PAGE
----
By Ann Friou
University News Service
November 6, 2008
Black theatre has deep roots in the Lone Star State. For more than 250 years, African-Americans in Texas have produced amateur and professional productions in churches, schools, historically black colleges, community centers, and public theatres.
Today, most of Texas’ major cities have professional African-American theatrical companies mounting productions in their own facilities. For example, Fort Worth’s Jubilee Theatre company moved into its own building in 1987 after several years of performing in nightclubs, lobbies, saloons and other companies’ theatres. And Houston’s Ensemble Theatre, which began operating in 1976 from the trunk of its director’s car, has become one of Houston’s best-known cultural institutions. It is the oldest and largest professional African American theatre company in the Southwest and one of the nation’s largest African American companies owning and operating its facility and producing in-house.
In spite of its long history of contributions to the arts, little has been written about black theatre in Texas. In an effort to preserve black theatre’s history, two professors at Texas State University-San Marcos plan to research and archive it. Their research will yield two books, a web-based library of archived materials, and a six-city touring exhibit to be curated by Philip Collins, former director of the African-American Museum in Dallas.
“The purpose of the project is to locate and preserve materials that document the unique contributions that Black theatre has made to the arts in Texas,” said researchers Elvin Holt and Sandra Mayo. “We want to examine records that reveal how these theatres were organized, how they fund their productions, how they recruit actors, directors, and other theatre personnel. We also plan to conduct audio- and video-taped interviews with artistic directors, actors, and other persons associated with the theatres.”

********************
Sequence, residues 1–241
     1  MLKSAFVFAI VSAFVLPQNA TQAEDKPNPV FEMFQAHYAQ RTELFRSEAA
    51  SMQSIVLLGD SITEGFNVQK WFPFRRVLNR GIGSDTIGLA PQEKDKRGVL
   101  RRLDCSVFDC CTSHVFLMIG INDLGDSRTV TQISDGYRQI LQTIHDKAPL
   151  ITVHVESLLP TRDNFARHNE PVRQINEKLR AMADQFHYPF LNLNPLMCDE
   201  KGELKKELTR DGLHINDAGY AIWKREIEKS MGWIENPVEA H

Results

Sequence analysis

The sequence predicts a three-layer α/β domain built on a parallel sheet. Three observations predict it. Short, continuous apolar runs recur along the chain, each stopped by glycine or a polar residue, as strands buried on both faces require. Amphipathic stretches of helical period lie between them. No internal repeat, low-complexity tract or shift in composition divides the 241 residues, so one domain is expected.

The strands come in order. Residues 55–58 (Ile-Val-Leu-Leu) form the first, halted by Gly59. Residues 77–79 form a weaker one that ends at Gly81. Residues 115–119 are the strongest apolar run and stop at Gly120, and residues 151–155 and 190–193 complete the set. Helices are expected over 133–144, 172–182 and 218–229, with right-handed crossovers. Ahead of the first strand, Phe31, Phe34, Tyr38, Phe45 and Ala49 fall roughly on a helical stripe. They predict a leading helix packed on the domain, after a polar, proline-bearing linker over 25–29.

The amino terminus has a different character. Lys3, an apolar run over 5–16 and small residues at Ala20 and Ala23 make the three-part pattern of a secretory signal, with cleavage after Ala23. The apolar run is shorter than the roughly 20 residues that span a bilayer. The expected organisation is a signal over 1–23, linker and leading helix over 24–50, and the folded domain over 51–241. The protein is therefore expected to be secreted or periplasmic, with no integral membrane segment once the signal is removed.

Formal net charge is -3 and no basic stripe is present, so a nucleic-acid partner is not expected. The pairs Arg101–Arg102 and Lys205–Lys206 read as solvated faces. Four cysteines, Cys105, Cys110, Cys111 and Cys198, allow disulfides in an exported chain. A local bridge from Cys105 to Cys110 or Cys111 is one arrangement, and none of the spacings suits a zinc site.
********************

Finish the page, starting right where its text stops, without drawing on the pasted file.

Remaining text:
Holt, professor of English, and Mayo, associate professor of theatre and director of Texas State’s Center for Multicultural and Gender Studies, will research the Pro-Arts Collective in Austin, founded 1993; the Black Academy of Arts and Letters in Dallas, founded 1977; the Ensemble Theatre, founded 1976, and the Encore Theatre, founded 1993, both in Houston; the Jubilee Theatre in Fort Worth, founded 1976; and the Renaissance Guild, founded in 2001, and the Hornsby Theatre Company, both in San Antonio.
Holt and Mayo also plan to compile an anthology of plays by black Texas playwrights that have been staged by Texas’ black theatre companies. The featured playwrights will include the well-known Eugene Lee and Ted Shine. Lee, currently Texas State Artist in Residence, has performed around the country and on Broadway, and his play East Texas Hot Links has been staged in the U.S. and at the Royal Court Theatre in London. Shine, who has written for the stage and for television, edited Black Theatre USA, and his works have been widely anthologized. Holt and Mayo’s anthology will also feature works by Rudy Eastman, Sterling Houston, Elizabeth Brown Guillory, Harold Haynes, George Hawkins, Thomas Melonson, Celeste Bedford-Walker, and Antoinette Winstead. The anthology and the history of black theatre in Texas will both be published by the University of Texas Press.